When attackers try aggressive propagation methods they become victims of their own success. For now this attack has been neutralized. Opera recommends that users update their browsers as proactive measure against further attacks. Symantec provides protection for this as Downloader.Ponik. We also recommend that users who think they may have been affected reset their passwords.

Trojan.Tatanarg.B Careful!

There was a recent report on the Opera forums that users were encountering strange certificate behavior when visiting particular services over secured network connections, specifically HTTPS. This occurred while using online banking, webmail services, and social networking sites. Upon further investigation, we discovered a Trojan was intercepting the HTTPS connections, namely Trojan.Tatanarg.B.

Trojan.Tatanarg.B works by installing a proxy in the browser to intercept HTTPS connections by providing its own self-signed certificate to users, in effect revealing all the encrypted traffic between the user and the secure service. The Trojan specifically targets Firefox, Opera, Maxthon, and Internet Explorer. Once the proxy is installed the attacker can sniff important details, make changes to the traffic on the fly, and in most cases this is pretty transparent to the user, depending on which browser you are using.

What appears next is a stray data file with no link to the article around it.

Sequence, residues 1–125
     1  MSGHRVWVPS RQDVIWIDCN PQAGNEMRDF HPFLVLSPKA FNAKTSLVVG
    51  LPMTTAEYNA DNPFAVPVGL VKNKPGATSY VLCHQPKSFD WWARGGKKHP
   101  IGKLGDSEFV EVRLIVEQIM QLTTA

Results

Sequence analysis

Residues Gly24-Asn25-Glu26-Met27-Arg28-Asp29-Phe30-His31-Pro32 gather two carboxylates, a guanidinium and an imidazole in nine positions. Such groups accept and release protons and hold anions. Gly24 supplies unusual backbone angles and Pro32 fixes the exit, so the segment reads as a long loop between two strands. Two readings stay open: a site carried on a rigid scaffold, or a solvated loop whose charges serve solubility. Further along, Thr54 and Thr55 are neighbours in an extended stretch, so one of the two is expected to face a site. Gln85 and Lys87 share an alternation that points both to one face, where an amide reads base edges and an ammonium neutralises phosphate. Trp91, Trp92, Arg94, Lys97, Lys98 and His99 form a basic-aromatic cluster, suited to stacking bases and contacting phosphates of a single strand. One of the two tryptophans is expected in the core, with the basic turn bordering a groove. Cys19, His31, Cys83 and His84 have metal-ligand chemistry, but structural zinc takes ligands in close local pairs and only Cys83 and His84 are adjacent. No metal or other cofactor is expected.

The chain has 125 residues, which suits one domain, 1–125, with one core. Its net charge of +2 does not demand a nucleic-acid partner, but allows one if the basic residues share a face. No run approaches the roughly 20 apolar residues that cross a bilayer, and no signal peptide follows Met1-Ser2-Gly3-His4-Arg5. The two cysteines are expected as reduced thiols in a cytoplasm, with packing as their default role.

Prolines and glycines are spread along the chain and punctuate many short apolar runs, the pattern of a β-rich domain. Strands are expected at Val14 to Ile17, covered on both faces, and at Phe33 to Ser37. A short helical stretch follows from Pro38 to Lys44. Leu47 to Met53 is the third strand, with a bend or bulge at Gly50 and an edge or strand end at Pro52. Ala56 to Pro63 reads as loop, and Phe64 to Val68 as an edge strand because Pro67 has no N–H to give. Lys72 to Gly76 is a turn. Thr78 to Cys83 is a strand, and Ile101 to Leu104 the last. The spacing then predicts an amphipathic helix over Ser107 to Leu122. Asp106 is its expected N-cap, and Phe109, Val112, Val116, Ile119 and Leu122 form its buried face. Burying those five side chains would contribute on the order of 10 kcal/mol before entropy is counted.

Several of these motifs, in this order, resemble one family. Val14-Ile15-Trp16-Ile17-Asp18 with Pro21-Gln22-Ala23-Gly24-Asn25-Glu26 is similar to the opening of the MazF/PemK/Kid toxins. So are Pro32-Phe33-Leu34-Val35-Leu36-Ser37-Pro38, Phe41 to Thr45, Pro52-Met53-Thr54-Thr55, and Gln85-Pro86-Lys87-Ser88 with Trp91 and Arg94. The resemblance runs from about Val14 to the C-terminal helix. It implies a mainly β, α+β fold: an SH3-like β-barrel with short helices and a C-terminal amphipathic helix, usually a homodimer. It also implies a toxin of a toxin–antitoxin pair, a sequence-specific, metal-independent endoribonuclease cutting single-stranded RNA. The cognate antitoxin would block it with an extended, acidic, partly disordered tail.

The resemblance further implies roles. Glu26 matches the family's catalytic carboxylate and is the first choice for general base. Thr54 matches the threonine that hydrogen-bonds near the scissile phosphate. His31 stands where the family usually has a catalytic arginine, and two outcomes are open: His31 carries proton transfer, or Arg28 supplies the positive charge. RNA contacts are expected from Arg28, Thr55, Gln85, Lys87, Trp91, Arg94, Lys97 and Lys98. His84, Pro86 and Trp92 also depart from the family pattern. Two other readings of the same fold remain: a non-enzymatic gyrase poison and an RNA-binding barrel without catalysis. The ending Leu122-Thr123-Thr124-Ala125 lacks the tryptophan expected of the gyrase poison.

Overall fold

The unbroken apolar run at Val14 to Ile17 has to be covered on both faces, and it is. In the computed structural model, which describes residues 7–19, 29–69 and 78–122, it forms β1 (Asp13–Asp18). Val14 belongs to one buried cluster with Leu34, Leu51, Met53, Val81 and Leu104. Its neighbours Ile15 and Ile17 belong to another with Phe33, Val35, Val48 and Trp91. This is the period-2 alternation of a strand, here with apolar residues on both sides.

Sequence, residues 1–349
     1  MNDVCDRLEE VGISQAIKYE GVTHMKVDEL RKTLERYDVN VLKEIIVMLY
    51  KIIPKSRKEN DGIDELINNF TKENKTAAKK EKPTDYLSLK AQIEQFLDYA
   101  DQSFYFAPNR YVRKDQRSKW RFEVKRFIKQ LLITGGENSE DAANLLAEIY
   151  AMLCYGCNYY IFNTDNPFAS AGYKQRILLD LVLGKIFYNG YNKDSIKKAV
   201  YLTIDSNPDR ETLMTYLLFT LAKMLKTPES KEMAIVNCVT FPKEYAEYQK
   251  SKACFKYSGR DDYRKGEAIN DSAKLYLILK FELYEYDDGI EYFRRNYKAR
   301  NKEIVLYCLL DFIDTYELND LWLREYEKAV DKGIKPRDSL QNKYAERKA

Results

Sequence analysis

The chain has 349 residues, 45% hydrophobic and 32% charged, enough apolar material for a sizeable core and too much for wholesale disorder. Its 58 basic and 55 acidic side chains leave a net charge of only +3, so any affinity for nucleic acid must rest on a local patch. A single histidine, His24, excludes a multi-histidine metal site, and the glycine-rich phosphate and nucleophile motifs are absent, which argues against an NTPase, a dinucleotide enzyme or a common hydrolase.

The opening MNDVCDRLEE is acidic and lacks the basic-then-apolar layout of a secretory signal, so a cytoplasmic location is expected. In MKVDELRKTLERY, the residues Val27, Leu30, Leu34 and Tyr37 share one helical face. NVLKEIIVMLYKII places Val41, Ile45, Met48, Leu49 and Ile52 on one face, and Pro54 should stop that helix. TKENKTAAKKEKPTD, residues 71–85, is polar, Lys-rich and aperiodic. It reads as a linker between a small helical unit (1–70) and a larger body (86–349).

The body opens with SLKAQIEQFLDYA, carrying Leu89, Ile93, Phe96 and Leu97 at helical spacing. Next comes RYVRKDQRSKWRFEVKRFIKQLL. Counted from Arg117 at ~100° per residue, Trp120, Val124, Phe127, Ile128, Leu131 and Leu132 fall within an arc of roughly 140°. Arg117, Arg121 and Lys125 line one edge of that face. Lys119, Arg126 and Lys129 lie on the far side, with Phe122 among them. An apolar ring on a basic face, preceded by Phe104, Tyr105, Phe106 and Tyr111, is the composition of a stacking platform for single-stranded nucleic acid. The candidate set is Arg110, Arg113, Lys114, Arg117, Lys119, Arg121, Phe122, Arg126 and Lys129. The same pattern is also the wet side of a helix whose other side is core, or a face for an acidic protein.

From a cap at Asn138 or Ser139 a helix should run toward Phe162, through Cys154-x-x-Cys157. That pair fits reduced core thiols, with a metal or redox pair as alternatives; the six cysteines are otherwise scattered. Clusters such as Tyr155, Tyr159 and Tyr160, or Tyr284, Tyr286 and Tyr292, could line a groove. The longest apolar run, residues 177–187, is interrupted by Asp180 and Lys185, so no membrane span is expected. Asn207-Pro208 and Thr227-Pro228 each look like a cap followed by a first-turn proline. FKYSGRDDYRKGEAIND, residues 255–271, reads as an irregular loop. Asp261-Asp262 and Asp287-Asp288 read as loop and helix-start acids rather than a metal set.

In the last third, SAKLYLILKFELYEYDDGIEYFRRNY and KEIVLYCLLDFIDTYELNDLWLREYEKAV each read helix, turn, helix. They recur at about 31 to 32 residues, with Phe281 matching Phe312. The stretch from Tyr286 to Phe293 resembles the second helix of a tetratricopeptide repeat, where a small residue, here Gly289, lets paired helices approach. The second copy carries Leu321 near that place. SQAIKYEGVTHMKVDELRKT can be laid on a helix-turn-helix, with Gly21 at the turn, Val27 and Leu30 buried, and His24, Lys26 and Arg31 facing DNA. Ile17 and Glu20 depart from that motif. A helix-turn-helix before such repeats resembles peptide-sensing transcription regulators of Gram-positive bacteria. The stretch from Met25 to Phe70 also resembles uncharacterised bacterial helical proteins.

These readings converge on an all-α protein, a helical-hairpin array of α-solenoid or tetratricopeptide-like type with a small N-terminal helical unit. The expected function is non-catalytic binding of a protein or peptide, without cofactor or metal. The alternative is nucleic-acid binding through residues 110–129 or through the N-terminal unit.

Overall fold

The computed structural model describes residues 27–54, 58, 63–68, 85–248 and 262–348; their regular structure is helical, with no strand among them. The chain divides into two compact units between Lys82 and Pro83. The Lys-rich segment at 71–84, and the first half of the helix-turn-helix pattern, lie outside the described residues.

Figure 1. Opera gives the user the clearest indication that something is afoot

Infection Vector

We are aware of two methods that Trojan.Tatanarg.B is using to install itself. The first method is through an Exploit Kit—one of which we have identified as BlackHole. This can be used as part of a drive-by-download or through a spear-phishing email.

The other method is through an email with a malicious attachment. Here is an example email sent on May 17 that originated from a Russian mail server containing a Trojan that downloads Trojan.Tatanarg.B.

Figure 2. Example email sent May 17


Trojan Tatanarg.B is made up of two main components: a back door component and a proxy component. The components are stored on disk, compressed with bzip2, and XOR encrypted.

The back door component (CommuniFork.dll) has the following functionality: